2016 Matte Gray YZF-R3 – YZF-R6 Throttle, Vagabond Frame Sliders & Fender Eliminator, Coffman Exhaust, Norton Motorsports Clutch/Brake Levers, TST Industries Integrated Tail Light & GTR/Halo Flush Mounts, Lightech Rear Turns, Womet-Tech Front Axle Sliders, Bar-End Sliders and Swingarm Spools/Sliders, X-Grip RAM Mount, Hardwired 12v Socket / USB Charger / Batter Tender, Cheapo Chinese Side-Stand Pad & Radiator Guard


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post #24 of 38 Old 11-01-2016, 11:07 AM Thread Starter
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Yeah we did a lot of practice running over 2x4's that was fairly easy.... @AesonVirus are you able to still hit some dips while in a minor lean? Our roads seriously have a bunch of dips, some in turns, but they're not particularly sharp I'm guessing I should probably try to straighten up some? Or is a minor lean angle usually ok? I know it usually depends on a lot of factors such as heat, angle, speed, aggressiveness of dip etc , but I'm just being very general here...
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post #25 of 38 Old 11-01-2016, 11:45 AM
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Yeah we did a lot of practice running over 2x4's that was fairly easy.... @AesonVirus are you able to still hit some dips while in a minor lean? Our roads seriously have a bunch of dips, some in turns, but they're not particularly sharp I'm guessing I should probably try to straighten up some? Or is a minor lean angle usually ok? I know it usually depends on a lot of factors such as heat, angle, speed, aggressiveness of dip etc , but I'm just being very general here...
Definitely. If you remember only one thing, remember to not have an "oh-sh!t" panic attack mid-corner and white knuckle grip the bars. Keep a light grip, accelerate smoothly through the corner and let the bike do all the work.
I'm no expert and certainly don't claim to be, but I do know that dropping the throttle in the corner, especially when you see a road imperfection, is a recipe for disaster... and it's something a lot of new riders tend to do when they panic.

If you can get past the cheesiness and bad acting, give this a watch. It's full of tips that will help you as you build new riding skills.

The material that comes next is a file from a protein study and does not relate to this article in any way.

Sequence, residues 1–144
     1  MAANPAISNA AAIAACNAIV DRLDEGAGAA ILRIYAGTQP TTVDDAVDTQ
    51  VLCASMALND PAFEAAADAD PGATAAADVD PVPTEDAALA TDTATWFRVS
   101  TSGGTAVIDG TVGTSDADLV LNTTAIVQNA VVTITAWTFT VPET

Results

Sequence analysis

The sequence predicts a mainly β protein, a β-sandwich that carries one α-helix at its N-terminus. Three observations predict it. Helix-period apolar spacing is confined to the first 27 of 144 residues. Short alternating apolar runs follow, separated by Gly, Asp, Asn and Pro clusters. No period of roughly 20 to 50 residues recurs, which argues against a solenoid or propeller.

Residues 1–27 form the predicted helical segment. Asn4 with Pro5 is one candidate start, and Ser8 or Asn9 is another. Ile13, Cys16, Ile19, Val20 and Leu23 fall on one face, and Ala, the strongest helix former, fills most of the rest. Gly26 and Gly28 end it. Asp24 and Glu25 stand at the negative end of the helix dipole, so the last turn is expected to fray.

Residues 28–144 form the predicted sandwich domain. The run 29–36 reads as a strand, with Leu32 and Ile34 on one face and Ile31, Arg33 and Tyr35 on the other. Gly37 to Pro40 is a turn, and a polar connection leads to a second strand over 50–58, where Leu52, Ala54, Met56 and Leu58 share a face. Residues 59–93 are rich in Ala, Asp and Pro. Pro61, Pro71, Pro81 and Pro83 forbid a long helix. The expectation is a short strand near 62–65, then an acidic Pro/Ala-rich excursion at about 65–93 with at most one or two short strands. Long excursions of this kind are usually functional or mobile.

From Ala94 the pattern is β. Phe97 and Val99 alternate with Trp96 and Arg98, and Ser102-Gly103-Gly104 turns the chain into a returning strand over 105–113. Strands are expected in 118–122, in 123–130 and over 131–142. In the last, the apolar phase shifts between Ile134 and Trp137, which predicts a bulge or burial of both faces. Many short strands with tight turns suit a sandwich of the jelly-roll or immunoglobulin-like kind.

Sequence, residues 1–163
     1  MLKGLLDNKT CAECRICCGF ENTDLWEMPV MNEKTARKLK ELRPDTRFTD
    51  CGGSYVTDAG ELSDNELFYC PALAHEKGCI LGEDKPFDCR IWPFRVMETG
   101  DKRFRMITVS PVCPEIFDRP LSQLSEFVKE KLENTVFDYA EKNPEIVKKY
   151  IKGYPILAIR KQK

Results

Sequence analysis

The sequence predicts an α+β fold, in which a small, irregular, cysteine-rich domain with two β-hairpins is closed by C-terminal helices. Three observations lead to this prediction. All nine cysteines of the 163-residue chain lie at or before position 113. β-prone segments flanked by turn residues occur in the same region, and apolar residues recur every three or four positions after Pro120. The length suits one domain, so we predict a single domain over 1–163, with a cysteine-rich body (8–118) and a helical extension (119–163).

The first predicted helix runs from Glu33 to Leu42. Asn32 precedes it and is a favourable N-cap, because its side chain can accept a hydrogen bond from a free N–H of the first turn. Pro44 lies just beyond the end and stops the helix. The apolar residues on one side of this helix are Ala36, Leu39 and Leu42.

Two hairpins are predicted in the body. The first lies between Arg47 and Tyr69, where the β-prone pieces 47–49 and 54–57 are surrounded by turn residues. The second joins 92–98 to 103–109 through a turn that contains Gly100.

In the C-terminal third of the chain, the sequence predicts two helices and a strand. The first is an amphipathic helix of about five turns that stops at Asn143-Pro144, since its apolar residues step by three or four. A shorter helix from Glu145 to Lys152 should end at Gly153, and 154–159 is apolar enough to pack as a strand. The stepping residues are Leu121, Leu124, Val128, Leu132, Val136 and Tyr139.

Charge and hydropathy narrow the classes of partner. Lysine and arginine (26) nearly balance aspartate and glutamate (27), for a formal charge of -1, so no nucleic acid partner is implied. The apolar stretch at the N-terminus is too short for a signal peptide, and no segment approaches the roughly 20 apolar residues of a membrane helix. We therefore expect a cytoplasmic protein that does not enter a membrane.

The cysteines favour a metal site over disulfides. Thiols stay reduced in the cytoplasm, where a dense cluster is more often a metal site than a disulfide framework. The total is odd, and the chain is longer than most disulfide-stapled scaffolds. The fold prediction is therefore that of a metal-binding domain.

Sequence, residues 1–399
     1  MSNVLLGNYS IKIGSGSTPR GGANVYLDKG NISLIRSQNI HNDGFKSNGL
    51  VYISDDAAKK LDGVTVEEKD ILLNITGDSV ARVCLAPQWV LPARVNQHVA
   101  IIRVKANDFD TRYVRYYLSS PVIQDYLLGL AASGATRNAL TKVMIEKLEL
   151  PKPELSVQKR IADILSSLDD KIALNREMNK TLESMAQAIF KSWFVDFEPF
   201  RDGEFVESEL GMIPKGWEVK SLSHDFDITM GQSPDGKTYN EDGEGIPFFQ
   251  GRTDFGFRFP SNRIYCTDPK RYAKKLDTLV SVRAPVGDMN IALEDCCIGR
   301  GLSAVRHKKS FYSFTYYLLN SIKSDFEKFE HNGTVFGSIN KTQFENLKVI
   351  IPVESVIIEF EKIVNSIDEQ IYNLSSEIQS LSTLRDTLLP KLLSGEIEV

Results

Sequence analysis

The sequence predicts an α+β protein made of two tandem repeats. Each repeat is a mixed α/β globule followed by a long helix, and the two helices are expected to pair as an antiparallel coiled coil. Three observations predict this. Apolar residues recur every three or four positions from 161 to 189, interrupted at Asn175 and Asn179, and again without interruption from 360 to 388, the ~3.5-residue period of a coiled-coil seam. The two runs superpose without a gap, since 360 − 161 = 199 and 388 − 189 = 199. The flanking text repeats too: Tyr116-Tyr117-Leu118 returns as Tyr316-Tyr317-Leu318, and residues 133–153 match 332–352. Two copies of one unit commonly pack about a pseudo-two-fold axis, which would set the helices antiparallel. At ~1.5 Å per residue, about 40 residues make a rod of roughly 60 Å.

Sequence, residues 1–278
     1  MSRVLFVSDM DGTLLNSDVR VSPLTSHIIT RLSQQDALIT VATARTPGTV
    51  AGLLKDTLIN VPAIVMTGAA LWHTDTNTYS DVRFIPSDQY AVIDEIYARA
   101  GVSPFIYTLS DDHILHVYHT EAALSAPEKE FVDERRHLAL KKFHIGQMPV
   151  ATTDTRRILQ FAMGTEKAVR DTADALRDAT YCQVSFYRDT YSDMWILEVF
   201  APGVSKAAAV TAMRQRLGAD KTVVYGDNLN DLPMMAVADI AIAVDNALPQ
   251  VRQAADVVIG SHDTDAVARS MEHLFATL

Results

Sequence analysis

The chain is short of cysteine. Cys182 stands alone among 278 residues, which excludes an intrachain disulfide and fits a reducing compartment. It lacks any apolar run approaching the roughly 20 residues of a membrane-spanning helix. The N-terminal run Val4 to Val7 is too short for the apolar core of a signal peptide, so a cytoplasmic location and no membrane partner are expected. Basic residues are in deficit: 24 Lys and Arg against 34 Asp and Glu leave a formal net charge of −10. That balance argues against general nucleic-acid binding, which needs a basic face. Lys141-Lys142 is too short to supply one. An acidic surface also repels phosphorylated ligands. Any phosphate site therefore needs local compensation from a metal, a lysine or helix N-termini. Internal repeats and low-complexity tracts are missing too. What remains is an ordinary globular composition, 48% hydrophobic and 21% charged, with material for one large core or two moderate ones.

I started to apply what I learned from this video and it almost immediately improved my riding

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post #26 of 38 Old 11-01-2016, 02:15 PM Thread Starter
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Ok will do, sounds like what you're saying road dips won't cause me to be thrown off the bike (in a typical low lean angle, street riding without a freak dip or imperfection I'm guessing). I'll definitely have to watch this was just trying to get a very specific answer to my biggest fear
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post #27 of 38 Old 11-01-2016, 02:53 PM Thread Starter
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I knew it, I had some issues with going into corners and getting twitchy because I wasn't rolling through (I always went wide which explains it) and I kept finding myself fighting the bars and gripping too hard. This I already knew at least and I'm trying to stop, although with only 17 miles on a bike I'm guessing it's going to take me more practice lol

It's also kind of difficult when you have 4 people on a course and some are way slower than others, but in that case I guess I need to increase my cushion to get proper roll-on through the turn.
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post #28 of 38 Old 11-01-2016, 07:14 PM Thread Starter
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Finally got my tag/registration done today and aced my knowledge portion for my endorsement, now I'm fully licensed woot.